StartInsightsArticlesHow a property developer uses data for success

How a property developer uses data for success

What data are they interested in?

Examples of data they are looking at are:

  • Statistics regarding interest in previous projects

What has the interest looked like in the past for similar projects? Among other things, they look at registrations of interest (linked to either entire projects or to specific objects), link clicks in newsletters and campaign site visits.

  • Past customers and prospects

By saving their data, they have a valuable bank of potential buyers that they can address directly when planning new projects. With sufficient structure, they can easily segment by e.g. previous expressions of interest, the type of property they were interested in, age and previous residence.

  • Statistics on past sales

D.E. can forecast sales by looking at the average time it has taken in the past to sell properties of a similar type. How many viewings have been required? Which properties have been the easiest and hardest to sell?

How will they use their data?

Now that the groundwork is done and all the data is collected and structured, Dreambuilders Estate can easily see the following:

  • What kind of projects and areas are the most and least popular?

By comparing and analysing their data, they can easily find out which projects generate the most and least interest early on in the development process. With that knowledge, they can make informed decisions about how to proceed.

In a high demand project, there may be steps to take to maximise sales.

In less popular projects, quick actions are needed to change the trend. In this project, D.E has planned to build mainly 3-bedroom units, but they are only receiving expressions of interest for the 2-bedroom units. Thanks to their accessible data, they see this pattern immediately. The way forward for D.E. may mean correcting their blueprints, or changing their marketing strategy.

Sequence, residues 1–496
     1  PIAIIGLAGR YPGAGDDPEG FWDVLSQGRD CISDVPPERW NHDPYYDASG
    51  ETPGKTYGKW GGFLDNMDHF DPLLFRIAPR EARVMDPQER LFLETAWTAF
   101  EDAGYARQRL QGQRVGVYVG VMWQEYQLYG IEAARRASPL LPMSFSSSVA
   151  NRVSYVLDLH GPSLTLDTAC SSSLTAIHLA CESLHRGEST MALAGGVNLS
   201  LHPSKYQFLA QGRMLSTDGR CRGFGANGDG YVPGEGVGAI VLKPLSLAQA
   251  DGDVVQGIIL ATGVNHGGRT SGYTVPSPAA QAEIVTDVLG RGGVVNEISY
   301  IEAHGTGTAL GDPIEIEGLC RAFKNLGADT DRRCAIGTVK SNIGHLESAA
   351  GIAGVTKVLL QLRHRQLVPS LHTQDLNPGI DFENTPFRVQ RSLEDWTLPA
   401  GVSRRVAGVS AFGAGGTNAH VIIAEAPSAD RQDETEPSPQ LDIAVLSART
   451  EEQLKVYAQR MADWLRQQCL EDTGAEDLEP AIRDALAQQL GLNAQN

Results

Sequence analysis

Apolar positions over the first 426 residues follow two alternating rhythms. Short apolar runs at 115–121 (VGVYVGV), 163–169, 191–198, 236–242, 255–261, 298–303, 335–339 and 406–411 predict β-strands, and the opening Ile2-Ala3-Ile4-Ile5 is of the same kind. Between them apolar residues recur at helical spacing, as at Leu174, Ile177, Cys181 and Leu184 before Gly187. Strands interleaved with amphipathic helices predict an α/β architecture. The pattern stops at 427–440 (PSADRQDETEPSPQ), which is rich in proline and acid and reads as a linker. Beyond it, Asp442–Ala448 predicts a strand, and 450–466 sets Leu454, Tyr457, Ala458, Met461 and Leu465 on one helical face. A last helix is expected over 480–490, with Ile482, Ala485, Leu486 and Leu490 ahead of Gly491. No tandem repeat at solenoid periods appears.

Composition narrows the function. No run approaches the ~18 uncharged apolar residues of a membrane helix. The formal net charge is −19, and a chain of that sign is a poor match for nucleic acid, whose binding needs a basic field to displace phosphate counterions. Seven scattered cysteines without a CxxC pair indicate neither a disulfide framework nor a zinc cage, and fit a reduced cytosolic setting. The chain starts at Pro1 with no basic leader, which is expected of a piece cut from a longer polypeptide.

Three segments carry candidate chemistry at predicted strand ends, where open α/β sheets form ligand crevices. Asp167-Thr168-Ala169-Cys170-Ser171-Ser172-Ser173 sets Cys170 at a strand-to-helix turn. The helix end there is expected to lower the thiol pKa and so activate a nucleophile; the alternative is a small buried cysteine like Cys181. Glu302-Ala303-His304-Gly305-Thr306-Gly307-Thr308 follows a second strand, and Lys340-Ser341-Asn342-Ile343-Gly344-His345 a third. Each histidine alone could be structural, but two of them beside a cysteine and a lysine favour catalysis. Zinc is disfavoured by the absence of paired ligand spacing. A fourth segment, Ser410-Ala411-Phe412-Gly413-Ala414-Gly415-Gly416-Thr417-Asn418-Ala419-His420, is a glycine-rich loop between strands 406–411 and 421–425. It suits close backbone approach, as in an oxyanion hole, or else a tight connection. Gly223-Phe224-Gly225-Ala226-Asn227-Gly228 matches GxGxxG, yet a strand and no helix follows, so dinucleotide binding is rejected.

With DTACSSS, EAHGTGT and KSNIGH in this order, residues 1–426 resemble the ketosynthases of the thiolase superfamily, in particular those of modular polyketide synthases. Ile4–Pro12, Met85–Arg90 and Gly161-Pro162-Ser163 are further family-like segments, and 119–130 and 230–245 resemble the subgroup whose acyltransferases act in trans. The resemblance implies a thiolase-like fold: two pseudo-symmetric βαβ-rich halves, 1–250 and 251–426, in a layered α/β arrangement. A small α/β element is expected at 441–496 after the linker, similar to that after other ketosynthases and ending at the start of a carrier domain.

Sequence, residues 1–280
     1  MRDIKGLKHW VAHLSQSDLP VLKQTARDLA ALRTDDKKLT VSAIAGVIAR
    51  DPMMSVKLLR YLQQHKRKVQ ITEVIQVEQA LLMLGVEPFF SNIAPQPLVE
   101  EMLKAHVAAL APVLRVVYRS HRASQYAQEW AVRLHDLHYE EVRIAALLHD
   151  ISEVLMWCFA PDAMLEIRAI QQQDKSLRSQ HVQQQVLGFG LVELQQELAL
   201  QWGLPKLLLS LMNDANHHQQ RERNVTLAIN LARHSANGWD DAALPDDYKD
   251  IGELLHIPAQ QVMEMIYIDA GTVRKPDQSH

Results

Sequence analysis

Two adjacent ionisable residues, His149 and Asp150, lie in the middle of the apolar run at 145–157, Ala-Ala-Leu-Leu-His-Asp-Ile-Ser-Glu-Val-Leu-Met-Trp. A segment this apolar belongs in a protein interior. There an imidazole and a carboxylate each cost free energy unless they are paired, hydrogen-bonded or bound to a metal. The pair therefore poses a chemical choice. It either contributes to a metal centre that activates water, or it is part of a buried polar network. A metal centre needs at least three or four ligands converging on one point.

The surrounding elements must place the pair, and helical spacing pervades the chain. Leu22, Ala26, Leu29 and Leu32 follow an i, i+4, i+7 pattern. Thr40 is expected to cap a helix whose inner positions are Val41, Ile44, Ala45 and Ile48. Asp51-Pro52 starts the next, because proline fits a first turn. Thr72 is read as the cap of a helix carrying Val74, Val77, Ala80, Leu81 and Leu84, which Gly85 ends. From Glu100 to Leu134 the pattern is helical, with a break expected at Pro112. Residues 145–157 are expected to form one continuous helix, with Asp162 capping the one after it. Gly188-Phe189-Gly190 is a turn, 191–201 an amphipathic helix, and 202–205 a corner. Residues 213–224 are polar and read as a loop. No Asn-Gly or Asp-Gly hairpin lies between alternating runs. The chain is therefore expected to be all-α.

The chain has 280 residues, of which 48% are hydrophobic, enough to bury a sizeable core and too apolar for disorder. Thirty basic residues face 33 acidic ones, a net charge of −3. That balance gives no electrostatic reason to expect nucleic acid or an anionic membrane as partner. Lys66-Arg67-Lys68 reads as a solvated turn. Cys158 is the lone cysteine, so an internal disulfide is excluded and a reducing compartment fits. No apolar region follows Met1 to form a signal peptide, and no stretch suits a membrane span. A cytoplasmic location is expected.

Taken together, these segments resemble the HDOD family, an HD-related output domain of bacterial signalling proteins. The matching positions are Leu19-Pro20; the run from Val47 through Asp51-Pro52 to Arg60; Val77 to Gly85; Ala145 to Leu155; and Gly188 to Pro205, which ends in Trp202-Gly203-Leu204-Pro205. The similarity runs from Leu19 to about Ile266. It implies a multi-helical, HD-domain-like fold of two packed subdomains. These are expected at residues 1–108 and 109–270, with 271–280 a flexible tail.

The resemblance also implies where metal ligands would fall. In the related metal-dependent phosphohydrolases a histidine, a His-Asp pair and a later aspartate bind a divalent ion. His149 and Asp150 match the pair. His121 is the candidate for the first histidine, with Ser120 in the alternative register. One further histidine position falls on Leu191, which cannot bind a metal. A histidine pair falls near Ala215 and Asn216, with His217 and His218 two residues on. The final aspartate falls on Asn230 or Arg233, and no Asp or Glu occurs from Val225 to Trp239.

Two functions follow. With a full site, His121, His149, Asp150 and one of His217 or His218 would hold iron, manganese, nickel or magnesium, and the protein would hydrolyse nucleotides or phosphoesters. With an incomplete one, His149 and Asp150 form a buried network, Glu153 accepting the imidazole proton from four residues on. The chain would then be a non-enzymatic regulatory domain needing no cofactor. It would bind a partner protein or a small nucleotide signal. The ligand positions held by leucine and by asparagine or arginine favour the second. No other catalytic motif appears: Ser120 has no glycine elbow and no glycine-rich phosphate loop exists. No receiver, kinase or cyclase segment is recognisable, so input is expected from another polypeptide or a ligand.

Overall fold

• Who is the primary target audience for this project?

By analysing previous data, they see that this type of project has previously attracted mainly the 40-50 age group, and families with children rather than single households.

In their upcoming communication about the project, they therefore choose to make extra mailings to that particular target group.

After each project, D.E. analyses the end result, which either validates that their theory about the target group is correct, or gives them the insight that the market has changed. Important knowledge to take with them in future projects.

  • Data-based communication strategies

As D.E’s projects are long term, it’s important to stay relevant over time and remain top of mind with personalised and engaging content. D.E achieves this with minimal effort thanks to marketing automation tools. Using these tools, they create a number of different communication flows, which contain mailings in the form of emails or text messages. The messages in these are adapted to different target groups.

It is easy for D.E. to set it up so that those who click on a newsletter continue to receive the emails frequently, but those who do not click anywhere (and thus are assumed to have a cooler interest) receive newsletters more rarely or with a different content that may be more relevant. By organising its data, D.E. can easily create different audiences and reach out with the right information, to the right audience, at the right time.

With a communication strategy that focuses on personalisation and automation, they can get a lot of information out and stay top of mind – with minimal effort.

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